The government intends to introduce regulations to crack down on pilots engaged in air hacking in The Bahamas by the end of March, Minister of Tourism and Aviation Dionisio D’Aguilar said.
“We can say [the] first quarter,” D’Aguilar said on Wednesday.
He added: “The Bahamas Civil Aviation Authority (BCAA) has remit for that exercise, and they have done all of their consultation with industry.
“They have reviewed what needs to be changed. They’ve suggested changes to the regulations, and I believe it’s at this very moment at the attorney general’s office getting the final vetting.”
The minister’s comments came more than a year after the crash of a six-seater aircraft on Andros, which claimed the lives of six people.
Months after the crash, authorities revealed that the pilot was operating a commercial flight in breach of his private pilot’s license, a practice otherwise known as “hacking”.
D’Aguilar said that the regulations “need to go hand-in-hand with the Bahamas Civil Aviation Authority really being able to offer a service that is not too time-consuming and not too bureaucratic”.
“So on the one hand, we’re laying out with, ‘Okay, this is what we want you to do to make yourself legal’, and then on the other side we’re trying to make the process as easy and as straight-forward and not terribly time-consuming,” he said.
“That’s a challenge. I’m challenging the Bahamas Civil Aviation Authority to ensure that we meet that directive to make it more seamless. You know, when you’re in the aviation sector, while you want haste, you always have to have at the back of your mind safety. But sometimes safety to achieve safety is extremely bureaucratic.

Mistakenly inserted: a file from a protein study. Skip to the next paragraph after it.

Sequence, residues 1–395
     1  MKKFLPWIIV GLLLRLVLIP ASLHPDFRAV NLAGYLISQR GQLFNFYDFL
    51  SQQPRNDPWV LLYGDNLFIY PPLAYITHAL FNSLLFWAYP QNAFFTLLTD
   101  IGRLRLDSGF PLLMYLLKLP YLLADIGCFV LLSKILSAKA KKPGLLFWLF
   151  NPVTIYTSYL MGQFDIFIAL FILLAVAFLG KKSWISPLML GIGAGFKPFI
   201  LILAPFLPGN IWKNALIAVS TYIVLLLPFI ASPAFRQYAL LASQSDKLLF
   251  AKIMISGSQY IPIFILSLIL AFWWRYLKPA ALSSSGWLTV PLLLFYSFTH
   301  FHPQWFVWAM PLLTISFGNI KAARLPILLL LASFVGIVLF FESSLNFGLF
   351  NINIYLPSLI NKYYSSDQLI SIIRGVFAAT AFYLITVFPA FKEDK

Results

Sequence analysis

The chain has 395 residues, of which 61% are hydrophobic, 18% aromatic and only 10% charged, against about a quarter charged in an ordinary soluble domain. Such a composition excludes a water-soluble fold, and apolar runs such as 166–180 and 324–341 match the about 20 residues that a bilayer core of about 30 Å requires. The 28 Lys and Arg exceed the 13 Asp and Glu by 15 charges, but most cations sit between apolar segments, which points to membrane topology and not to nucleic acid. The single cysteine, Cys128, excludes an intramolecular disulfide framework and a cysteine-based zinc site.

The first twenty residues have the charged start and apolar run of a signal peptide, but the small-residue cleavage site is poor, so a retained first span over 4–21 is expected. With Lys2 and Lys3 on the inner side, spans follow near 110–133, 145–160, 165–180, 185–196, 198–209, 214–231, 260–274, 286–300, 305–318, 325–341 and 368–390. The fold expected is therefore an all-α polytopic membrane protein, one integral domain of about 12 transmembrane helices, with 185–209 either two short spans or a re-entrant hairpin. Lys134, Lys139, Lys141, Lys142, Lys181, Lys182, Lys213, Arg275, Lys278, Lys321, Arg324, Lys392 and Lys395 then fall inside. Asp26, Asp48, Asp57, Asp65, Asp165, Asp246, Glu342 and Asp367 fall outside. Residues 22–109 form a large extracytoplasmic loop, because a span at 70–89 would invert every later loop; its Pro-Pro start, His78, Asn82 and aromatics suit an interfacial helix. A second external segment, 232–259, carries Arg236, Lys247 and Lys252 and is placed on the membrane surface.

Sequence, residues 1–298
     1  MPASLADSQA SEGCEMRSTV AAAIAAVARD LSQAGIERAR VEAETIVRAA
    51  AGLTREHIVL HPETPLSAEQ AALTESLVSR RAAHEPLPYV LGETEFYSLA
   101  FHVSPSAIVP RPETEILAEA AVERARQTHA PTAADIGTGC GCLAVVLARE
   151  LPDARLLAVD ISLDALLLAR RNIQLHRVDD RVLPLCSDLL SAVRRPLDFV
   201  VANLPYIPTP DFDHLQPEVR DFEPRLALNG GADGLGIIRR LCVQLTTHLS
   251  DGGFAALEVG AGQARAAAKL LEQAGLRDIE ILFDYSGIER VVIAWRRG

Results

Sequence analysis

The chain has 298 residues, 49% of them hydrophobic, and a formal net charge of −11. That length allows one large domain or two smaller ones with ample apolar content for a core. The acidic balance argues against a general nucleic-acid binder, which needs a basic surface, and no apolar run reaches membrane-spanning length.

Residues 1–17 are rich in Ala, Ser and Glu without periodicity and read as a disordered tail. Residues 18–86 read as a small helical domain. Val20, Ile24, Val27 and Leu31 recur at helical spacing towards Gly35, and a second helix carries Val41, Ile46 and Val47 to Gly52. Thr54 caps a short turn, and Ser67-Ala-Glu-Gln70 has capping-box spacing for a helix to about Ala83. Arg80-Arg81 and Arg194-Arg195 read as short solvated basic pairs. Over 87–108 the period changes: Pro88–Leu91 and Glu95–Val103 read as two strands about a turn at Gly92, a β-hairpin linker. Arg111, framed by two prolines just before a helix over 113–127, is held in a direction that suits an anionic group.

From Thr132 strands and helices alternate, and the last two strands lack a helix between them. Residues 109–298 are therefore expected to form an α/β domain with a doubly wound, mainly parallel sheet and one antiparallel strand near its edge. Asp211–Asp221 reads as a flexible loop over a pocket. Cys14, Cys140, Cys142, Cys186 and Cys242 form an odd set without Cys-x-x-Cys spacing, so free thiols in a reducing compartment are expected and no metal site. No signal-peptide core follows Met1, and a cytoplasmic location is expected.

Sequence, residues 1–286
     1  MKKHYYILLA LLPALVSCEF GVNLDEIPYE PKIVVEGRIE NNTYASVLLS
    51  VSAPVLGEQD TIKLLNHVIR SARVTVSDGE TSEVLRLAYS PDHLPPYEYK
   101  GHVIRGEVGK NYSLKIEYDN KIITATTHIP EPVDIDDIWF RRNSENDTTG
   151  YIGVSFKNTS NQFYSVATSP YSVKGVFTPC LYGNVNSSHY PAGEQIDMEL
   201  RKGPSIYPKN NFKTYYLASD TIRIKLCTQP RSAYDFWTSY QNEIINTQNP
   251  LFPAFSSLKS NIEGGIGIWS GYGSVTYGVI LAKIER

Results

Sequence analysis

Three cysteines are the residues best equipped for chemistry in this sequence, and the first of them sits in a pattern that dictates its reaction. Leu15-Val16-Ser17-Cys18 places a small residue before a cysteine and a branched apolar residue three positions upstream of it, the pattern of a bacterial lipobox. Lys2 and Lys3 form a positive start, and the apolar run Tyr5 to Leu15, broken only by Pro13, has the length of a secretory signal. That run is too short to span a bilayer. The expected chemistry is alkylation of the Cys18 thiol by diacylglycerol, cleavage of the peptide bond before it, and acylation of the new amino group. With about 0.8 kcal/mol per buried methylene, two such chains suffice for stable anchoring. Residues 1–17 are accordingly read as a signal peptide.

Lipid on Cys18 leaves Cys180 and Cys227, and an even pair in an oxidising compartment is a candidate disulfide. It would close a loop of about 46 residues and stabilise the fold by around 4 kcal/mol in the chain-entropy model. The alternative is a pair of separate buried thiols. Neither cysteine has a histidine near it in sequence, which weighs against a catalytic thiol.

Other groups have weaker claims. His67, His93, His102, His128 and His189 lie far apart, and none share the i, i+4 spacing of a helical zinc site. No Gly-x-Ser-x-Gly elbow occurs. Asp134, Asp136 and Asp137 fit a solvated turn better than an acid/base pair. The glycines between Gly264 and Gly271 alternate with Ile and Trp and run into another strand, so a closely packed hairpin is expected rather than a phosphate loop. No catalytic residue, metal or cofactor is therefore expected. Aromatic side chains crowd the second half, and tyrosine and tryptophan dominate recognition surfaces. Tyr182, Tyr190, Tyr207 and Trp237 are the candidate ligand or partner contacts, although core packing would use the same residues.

“You [have] to check everything, cross every ‘T’, dot every ‘I’, because in the event there’s a calamity, the first thing everybody’s going to do is pour over every step and every regulation to make sure everything was followed to the T.”
Last July, BCAA Director General Captain Charles Beneby announced several regulatory changes aimed at cracking down on air hacking.
He said the authority had reintroduced a program of badging aircraft that will prominently display BCAA badges so that passengers will know that that aircraft has been found acceptable.
Beneby noted that pilots holding foreign licenses have presented an issue for the BCAA, because they do not fall under the purview of the organization.
The prevalence and unregulated use of air hackers has been a long-standing issue in the aviation sector.
The penalty for air hacking is a fine of $10,000 and/or imprisonment of up to two years, as well as seizure of the aircraft.
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